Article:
At the same time, many things are cyclical, and I think some of the fear of the future can sometimes be overdone. Not that there aren’t things to fear, but there are things that we don’t anticipate that sometimes turn out much better than we imagine.

    In the 1890s, there was a (very large) school of thought that the American experiment was turning for the worse. Frederick Jackson Turner was not some fringe doomsayer, but rather someone with a keen intellect and very large following who had a simple attractive thesis that the closing of the frontier was going to irrevocably change America (this happened) and probably for the worse (this mostly didn’t happen). And the thing is that I think Turner (and/or some of the more despondent of his acolytes), though proven wrong in hindsight, were right to make the predictions they did. The US had been declining for about 50 years (i.e., since 1850) in very measurable and troubling areas. The share of wages per capita vs GDP and things like stature and other measures of well-being had been declining since 1850. There had been one extremely costly civil war and two very great depressions/recessions (in 1873 and 1893) [deflation didn't reverse until the Yukon and South African gold strikes in the mid 1890s]. This was 50 years of troubling evidence, compounded by a clear demarcation that the opportunity of the “frontier” had closed. 50 years is not a trend; it is a destiny.

    But, well, we know it didn’t turn out that way. Just because a theory is more plausible than the other competing theories (and based on more evidence) does not mean that the future is going to bear that theory out. Just because it is unlikely that a fair coin will be heads ten times in a row does not preclude this string of flips from happening.

    I agree there are troubling signs and there is no good reason to believe that only the best parts of the last 50 years will be replicated. But there’s also no good reason to believe that only the worst parts of the last 50 years will be replicated (not that the Blip article was arguing that; this is an additive, not contradictory, musing).

  5. XRayD says:

    Lets face it … the two most remarkable developments that have shaped all our lives from the 40s to the 90s come down to (as I read somewhere many years ago, and still agree with) just two things:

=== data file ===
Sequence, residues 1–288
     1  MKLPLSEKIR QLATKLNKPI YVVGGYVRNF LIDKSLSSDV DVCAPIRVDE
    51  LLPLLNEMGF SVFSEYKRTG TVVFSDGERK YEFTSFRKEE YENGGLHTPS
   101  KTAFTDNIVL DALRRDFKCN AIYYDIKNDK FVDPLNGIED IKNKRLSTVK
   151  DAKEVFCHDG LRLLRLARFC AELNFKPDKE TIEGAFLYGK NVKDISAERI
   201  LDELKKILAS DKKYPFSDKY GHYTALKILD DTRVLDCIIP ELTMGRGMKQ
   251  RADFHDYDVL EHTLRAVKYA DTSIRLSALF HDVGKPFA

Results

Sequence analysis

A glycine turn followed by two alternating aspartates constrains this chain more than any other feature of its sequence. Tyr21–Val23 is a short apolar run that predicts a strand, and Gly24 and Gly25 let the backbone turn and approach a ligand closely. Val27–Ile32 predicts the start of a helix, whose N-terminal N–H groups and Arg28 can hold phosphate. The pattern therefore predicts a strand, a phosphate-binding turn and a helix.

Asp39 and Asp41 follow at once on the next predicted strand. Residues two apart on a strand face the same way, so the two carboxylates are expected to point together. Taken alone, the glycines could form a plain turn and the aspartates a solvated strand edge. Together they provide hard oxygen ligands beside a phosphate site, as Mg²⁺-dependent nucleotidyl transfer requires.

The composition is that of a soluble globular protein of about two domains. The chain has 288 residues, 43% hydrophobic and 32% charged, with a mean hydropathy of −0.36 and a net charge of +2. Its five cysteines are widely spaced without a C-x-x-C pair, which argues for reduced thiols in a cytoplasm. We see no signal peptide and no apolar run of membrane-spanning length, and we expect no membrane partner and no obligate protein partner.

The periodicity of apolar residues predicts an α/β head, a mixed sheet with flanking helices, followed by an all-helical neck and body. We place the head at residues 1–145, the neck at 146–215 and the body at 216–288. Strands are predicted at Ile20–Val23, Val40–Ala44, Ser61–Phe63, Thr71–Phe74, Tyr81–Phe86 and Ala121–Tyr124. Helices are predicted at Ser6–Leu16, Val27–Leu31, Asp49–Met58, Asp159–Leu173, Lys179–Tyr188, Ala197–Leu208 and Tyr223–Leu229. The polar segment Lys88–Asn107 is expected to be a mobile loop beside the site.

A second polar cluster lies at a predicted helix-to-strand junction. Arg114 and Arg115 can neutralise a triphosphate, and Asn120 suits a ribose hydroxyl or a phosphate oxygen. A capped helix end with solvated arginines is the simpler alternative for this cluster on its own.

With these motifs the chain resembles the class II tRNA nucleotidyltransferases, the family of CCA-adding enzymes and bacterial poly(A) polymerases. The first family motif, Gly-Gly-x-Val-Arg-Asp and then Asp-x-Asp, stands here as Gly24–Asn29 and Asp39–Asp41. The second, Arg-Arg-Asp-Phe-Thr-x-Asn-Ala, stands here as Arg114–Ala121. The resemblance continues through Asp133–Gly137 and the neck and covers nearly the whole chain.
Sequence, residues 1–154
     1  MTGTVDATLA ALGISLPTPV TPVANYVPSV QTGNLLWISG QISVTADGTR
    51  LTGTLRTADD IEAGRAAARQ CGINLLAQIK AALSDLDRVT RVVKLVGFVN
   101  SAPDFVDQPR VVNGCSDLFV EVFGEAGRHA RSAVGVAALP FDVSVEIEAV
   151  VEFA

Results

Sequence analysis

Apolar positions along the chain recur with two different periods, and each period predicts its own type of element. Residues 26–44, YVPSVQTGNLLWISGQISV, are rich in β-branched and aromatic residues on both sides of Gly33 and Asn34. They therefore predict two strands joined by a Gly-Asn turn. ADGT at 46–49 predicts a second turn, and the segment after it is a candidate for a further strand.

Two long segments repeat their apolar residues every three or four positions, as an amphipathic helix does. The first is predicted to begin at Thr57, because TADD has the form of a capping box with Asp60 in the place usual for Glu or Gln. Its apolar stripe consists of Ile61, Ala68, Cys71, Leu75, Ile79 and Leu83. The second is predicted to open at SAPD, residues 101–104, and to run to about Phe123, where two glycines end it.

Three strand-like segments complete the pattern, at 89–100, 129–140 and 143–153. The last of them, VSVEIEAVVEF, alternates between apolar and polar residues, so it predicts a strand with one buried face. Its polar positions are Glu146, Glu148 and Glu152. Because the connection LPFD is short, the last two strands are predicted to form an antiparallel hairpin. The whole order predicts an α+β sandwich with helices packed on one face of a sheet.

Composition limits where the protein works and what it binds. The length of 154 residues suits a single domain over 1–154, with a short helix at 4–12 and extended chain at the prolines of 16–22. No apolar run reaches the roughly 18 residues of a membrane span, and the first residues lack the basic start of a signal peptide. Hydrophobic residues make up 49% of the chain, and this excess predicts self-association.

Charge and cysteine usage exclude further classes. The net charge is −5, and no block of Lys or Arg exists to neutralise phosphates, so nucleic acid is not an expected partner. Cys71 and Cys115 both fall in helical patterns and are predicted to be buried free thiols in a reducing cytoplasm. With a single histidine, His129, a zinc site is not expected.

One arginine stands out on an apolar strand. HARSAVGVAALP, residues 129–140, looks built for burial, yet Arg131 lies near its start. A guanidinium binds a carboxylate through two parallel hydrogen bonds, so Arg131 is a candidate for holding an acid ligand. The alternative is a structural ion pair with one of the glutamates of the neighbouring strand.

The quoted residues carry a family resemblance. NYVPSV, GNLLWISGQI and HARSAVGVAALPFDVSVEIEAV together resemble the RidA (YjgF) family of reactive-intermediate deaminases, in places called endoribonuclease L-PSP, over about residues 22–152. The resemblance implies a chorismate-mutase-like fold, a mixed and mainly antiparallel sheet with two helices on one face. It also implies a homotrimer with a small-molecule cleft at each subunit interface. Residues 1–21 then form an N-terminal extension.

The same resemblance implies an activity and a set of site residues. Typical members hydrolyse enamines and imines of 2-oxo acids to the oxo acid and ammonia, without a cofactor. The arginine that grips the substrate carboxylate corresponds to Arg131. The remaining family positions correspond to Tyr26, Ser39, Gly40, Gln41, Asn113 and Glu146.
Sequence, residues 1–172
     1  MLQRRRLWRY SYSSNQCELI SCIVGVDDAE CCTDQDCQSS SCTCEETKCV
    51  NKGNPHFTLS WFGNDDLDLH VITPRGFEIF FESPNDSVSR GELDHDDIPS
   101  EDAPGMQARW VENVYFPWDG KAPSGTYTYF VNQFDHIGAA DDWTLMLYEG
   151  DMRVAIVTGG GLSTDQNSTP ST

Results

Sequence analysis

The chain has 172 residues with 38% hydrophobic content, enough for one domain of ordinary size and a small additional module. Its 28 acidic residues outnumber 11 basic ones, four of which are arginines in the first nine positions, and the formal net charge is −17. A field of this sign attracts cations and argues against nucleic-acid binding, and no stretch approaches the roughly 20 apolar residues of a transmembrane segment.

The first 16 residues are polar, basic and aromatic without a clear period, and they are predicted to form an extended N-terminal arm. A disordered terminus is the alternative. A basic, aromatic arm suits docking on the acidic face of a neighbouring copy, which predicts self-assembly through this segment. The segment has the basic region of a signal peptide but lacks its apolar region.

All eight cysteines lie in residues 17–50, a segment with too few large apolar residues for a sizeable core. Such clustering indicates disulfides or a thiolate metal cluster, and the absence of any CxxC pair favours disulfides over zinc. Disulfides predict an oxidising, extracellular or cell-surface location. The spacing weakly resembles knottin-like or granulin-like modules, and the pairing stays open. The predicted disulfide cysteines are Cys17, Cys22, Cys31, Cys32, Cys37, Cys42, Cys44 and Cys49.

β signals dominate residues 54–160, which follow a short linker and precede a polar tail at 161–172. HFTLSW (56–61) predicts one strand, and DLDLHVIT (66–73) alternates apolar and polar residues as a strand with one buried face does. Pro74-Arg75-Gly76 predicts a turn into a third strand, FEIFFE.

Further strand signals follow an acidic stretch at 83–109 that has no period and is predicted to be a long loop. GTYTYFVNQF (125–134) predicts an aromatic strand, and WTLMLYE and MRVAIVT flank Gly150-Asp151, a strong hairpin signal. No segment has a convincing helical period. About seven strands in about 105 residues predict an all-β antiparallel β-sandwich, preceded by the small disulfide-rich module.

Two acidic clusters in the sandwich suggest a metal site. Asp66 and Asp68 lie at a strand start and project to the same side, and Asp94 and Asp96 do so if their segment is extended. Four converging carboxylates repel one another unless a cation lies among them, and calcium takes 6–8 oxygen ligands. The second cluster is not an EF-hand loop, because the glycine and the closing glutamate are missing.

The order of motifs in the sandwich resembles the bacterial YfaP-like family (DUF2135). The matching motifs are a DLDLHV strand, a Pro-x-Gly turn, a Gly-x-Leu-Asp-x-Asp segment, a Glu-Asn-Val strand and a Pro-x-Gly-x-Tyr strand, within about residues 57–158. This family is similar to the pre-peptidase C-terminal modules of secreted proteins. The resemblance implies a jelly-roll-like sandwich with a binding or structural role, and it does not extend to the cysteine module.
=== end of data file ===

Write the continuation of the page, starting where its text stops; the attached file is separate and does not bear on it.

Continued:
1. The transistor, and

    2. The Birth Control pill, the “baby boom” notwithstanding – it change our politics and culture, which is now at the “same sex” stage, and coming soon, “mail order designed babies”.

    (I would add to the above, the revolution in agriculture and medicine).

    The real question now is, Who can afford what, and What “we” as a society should pay for, and what “I” as an individual want to.

    Two items of the times:

    Septuagenarian Strut
    http://opinionator.blogs.nytimes.com/2013/07/25/septuagenarian-strut/#hJlaIta,1

    Mick Jagger, Birthday Boy
    http://www.nytimes.com/2013/07/27/opinion/mick-jagger-birthday-boy.html?hp

  6. czyz99 says:

    I always marvel about the times many of our parents and grandparents lived in. Both my parents born in the middle of the roaring 20′s, one lost the house in the depression, the other didn’t. Both had fathers that died before my parents were 12. One was unemployed and suddenly died on a bitterly cold December day in ’32, literally weeks after his daughter was born. The other employed, but died December 24, 1933 on a snowy mountain road coming home for Christmas. Mothers struggled on at a time you just about had to have a husband to survive. One only had job because she was a school teacher, the other made it because her family helped her. Then along came WWII and their sons went to war. My father discharged from the Army, wanted to stay in California, but there were no jobs and a wicked housing shortage. So he trudged back to the frozen plains of South Dakota and began building from what he had.

    Fast forward to ’00 and my father had ‘made it’. But he kept telling me as my stocks climbed ‘it ain’t this easy.’ You can’t outlaw the business cycle. What poppycock and balderdash! And banks can fail. I just laughed. I’m not laughing now.

  7. tjmc says:

    Great set of links this week. Thanks.